The planning departments also provided supplemental data sets (Table S3) and corrections to the published data. Available land use data are often 5-10 years old. The planning departments reviewed our draft maps and provided site-specific map corrections to account for recent and newly approved development in areas otherwise shown as undeveloped or intermediate, flood-prone neighbourhoods where abandonment and conversion to wetlands are planned, and new parks or conservation lands in areas otherwise shown as intermediate.

We obtained wetland polygons from the National Wetlands Inventory [1] for 9 states; the other 5 states provided newer data (Table S6). We used EPA's coastal elevation data set [2] for the 8 Mid-Atlantic States, and the US National Elevation Dataset [3] for other states.

Study Area. Our intended study area was all dry land either within 300 m of the shoreline, or below the nationally available USGS 6-m contour. The actual study area was smaller in three cases (See Table S7): (1) the regional planning councils in Florida, only provided information for lands below the 3-m contour, barrier islands, and lands within 300 m of the shore; (2) some inland counties with small amounts of low land were omitted; and (3) Suffolk County (New York) provided land use data for the 500-year floodplain, which generally extends to about the 4-m contour.

We created an "out of study area" mask using the elevation data and a GIS-buffer along the shoreline to exclude land outside the study area from maps and data tabulations.

Data Flattening. For Pennsylvania and some counties in New York, Georgia, and Florida, we found a single data set that had already subdivided all land into mutually exclusive polygons with attributes corresponding to classifications useful for our analysis. But for most locations, the conservation, land use, and planning data came from different sources; and in some cases the policy-based reclassification also required us to obtain a data set delineating floodplains, preservation easements, or existing infrastructure. "Flattening" the data (i.e. creating a single set of mutually-exclusive polygons that are each associated with one of the land categories) required a process implementing a set of GIS decision rules to carry out the intended classification.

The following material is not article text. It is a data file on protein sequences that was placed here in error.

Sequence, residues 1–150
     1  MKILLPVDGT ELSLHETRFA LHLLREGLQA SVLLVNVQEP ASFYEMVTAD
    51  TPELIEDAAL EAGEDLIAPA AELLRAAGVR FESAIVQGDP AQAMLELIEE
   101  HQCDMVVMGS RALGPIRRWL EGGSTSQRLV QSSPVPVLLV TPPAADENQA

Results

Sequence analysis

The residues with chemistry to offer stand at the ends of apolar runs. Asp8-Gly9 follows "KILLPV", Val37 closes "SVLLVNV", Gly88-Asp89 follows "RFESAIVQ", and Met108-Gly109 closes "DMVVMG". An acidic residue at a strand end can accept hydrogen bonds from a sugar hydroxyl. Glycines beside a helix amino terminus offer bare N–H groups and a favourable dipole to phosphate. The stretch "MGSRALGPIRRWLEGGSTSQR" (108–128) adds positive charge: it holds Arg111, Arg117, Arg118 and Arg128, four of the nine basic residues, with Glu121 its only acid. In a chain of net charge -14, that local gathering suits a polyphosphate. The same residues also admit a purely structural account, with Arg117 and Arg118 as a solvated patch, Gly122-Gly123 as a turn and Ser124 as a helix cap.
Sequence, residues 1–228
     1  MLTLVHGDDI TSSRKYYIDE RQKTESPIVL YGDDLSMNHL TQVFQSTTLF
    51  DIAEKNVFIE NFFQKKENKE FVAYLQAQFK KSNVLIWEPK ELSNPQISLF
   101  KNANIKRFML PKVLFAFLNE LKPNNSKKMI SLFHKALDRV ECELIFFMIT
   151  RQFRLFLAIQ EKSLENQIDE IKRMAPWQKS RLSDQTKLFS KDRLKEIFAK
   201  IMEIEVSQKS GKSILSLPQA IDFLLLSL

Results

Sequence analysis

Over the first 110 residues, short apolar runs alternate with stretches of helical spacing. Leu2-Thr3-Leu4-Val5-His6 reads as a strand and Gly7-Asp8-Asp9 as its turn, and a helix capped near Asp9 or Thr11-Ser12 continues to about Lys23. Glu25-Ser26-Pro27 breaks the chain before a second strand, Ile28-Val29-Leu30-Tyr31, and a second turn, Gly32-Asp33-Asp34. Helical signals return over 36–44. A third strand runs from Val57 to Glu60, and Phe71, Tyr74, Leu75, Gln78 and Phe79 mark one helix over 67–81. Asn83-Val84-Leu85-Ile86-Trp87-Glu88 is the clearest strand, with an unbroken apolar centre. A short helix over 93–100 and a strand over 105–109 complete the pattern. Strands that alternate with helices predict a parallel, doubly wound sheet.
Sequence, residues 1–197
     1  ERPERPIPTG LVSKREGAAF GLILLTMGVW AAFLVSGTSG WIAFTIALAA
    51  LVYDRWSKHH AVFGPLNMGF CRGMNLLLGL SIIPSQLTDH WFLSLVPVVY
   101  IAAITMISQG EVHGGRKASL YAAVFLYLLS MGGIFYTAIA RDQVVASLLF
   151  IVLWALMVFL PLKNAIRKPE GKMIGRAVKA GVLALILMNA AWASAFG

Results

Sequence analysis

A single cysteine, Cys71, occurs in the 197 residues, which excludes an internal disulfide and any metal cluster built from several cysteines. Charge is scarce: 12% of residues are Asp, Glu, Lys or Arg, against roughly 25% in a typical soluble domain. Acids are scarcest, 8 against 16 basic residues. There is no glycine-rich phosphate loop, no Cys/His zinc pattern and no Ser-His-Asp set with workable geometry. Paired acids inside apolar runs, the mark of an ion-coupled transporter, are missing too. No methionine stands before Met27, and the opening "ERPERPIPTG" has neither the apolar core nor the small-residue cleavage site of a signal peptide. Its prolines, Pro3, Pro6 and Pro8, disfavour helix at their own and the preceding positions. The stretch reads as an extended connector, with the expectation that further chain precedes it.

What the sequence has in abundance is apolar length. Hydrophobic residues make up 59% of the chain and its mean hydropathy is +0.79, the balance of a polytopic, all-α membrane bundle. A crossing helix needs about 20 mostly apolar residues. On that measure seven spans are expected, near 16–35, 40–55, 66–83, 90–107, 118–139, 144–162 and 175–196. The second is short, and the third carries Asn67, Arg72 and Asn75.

Using ESRI's ArcGIS, we applied the built-in union function to combine each of the data sets and preserve all of the associated attribute data necessary to identify current land use and development plans. Then, using the combined attribute table, we selected the polygons that meet specific criteria and assigned each to a development category. For example, in a typical case, the intermediate category would be assigned to all land that is (a) undeveloped today according to the land use data, (b) expected to be developed according to the land use plan, and (c) not part of a conservation area according to the conservation data set. We generally resolved apparent data conflicts by deferring to the data set with the more restrictive purpose, e.g. if land cover data shows an area to be developed while the conservation layer shows it to be a conservation land, we treat it as conservation land.

Overlay with Elevation and Wetlands Data. For the eight mid-Atlantic states, we used an available interpolation model [4] to quantify the area within each land use category. Except where high resolution elevation data are available, that approach relies on published topographic contours to create an interpolated estimate of the amount of land within a given elevation above spring high water, which is generally 30-100 cm above the zero-elevation reference used for topographic maps. Because that model had not been applied to the other states, we followed the same procedure to derive elevations relative to spring high water from the National Elevation Dataset (4), and directly overlaid these elevation estimates with our land classifications.

Caveats concerning expert elicitation. A task force of the US Environmental Protection Agency (EPA) [5] and others have recommended the use of experts for assessing likelihoods of environmental results when other possible sources of likelihood estimates are unavailable. Recent assessments have used expert panels to subjectively estimate the likelihood of wetland loss [6] and barrier island deterioration [7] at specific locations as sea level rises. Our classification is based on published land use data and existing shore protection policies, rather than subjective assessments (see section 2 of the main text). But our attribution of the likelihood of shore protection associated with those classifications was defined by the planners.